Provincial sales tax

  • Exemption for electric bicycles and tricycles introduced: Effective 21 April 2021, qualifying electric bicycles and tricycles, including conversion kits used to electrify conventional bicycles and tricycles, and parts and services for electric bicycles and tricycles are exempt from provincial sales tax (PST). To qualify, the electric bicycles or tricycles must have pedals or hand cranks that allow for human propulsion, wheels with a minimum diameter of 350 millimeters and maximum motor power of 500 watts. The maximum motor-assisted speed cannot exceed 32 kilometers per hour, and they must not have a combustion engine or be marketed or designed to have the appearance of a motorcycle, moped or scooter.
  • Exemption for new residents’ effects temporarily expanded: The expanded timeframe is provided in response to COVID-19 travel restrictions and applies to any person who became a resident of BC on or after 11 March 2019. Individuals who would otherwise qualify for the exemption will now have until the earlier of 1 January 2023 or one year following the end of the most recent quarantine order made under the Quarantine Act (Canada) to bring their personal effects into BC. Under normal conditions, the personal effects of a new resident are generally exempt from PST if they are brought into BC within one year of the individual becoming a resident.
  • Measures to address PST refunds on “grey market” vehicle transactions: Effective on a date to be set by regulation, the PST refund for motor vehicles purchased in BC and resold within seven days will be eliminated. This measure is intended to prevent certain “grey market” transactions whereby purchasers who intend to resell the vehicles, but do not state this intention to motor vehicle dealers who traditionally would not sell vehicles to resellers, buy and resell the vehicle and claim the PST refund. The announced changes would maintain the regular PST treatment of resale inventory but close the PST refund process to the type of “grey market” activity described in Peter German’s money laundering report.2

Other tax measures

Carbon tax

As announced on 2 September 2020, carbon tax rates are set at $45 per tonne of carbon dioxide equivalent emissions (CO2e) effective 1 April 2021. Rates will increase to $50 per tonne of CO2e on 1 April 2022.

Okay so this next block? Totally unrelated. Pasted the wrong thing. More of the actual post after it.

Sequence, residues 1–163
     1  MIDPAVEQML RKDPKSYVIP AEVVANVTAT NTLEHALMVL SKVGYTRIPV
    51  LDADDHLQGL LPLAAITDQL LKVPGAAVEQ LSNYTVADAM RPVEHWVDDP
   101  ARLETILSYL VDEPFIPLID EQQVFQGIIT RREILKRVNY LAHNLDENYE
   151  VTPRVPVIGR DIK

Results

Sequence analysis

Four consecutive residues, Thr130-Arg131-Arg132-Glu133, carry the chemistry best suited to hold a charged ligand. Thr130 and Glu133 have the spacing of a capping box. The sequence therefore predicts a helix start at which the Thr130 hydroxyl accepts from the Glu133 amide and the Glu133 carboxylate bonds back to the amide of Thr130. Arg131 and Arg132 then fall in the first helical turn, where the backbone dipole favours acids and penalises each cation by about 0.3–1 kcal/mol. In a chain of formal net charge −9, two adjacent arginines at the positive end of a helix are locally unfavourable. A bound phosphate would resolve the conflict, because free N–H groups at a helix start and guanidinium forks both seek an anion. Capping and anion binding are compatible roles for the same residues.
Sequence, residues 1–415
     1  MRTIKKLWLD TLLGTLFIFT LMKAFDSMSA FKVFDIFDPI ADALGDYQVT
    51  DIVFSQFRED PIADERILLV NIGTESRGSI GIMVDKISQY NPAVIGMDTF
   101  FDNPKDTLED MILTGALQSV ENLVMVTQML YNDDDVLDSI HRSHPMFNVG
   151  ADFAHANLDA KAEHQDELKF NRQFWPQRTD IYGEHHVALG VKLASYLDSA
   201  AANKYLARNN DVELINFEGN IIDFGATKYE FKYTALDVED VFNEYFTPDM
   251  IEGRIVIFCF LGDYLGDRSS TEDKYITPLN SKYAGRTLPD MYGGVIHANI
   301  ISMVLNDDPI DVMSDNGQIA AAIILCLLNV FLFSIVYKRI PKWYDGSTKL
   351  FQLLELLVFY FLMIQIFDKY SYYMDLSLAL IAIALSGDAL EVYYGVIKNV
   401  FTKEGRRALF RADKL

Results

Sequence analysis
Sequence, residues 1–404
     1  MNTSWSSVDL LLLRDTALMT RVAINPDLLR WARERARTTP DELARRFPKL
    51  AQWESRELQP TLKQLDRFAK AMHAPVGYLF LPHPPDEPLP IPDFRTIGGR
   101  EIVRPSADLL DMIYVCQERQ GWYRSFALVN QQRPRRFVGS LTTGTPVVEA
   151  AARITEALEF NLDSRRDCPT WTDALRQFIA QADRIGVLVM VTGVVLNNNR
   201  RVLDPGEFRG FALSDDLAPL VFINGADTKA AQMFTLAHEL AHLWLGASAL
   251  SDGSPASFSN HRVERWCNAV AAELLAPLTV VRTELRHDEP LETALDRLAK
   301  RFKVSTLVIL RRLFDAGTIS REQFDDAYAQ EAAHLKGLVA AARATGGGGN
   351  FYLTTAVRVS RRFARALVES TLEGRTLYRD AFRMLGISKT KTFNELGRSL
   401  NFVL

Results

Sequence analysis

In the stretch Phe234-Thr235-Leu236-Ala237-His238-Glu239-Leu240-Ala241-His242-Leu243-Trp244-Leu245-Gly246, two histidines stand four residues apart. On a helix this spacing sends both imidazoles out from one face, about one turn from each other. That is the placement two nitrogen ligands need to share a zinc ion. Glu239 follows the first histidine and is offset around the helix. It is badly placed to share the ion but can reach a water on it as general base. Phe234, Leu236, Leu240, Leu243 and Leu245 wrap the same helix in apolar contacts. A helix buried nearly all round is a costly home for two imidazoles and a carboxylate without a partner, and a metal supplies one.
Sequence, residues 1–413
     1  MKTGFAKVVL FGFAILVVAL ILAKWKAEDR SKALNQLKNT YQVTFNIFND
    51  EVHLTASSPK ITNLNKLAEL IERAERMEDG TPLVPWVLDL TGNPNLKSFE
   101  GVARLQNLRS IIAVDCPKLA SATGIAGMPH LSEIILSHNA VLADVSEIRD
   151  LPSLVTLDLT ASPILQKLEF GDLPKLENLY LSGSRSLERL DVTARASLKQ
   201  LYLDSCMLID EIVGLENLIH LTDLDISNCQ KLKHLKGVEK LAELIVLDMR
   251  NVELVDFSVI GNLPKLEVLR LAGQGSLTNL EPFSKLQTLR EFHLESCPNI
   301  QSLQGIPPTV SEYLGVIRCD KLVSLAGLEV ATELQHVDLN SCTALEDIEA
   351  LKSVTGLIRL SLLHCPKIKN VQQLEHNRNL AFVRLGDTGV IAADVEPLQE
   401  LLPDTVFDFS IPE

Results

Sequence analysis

This alters the schedule established by Budget 2017 Update, which would have increased carbon tax rates to $45 and $50 per tonne of CO2e on 1 April 2020 and 1 April 2021, respectively.

The corresponding increase to the climate action tax credit is also delayed by one year.

Tobacco tax

Effective 1 July 2021, the tax rate on cigarettes is increased to 32.5 cents from 29.5 cents per cigarette (to $65 from $59 per carton of 200 cigarettes). The default tax on heated tobacco products is also increased to 32.5 cents from 29.5 cents per heated tobacco product. A heated tobacco product is a product that contains tobacco and is designed to be heated, but not combusted, in a tobacco heating unit to produce a vapor for inhalation.

Also, effective 1 July 2021, the tax rate on loose tobacco (tobacco in a form other than cigarettes, cigars or heated tobacco products) is increased to 65 cents from 39.5 cents per gram. This increase better aligns the tax on “roll-your-own” tobacco with the level of tax that applies to premade cigarettes.

Speculation and Vacancy Tax Act

  • Exemption for corporations owned by agents of government introduced: An exemption from the speculation and vacancy tax is introduced for wholly owned subsidiaries of a government agent beginning in the 2021 tax year.
  • Exemption for registered charities that hold property through a trustee introduced: Retroactive to 27 November 2018, a speculation and vacancy tax exemption is introduced for a person who owns the property as a trustee of a trust for the benefit of a registered charity.
  • Definition of beneficial owner amended: Retroactive to 27 November 2018, the Speculation and Vacancy Tax Act is amended to not include a beneficial interest contingent on the death of another individual in the definition of “beneficial owners.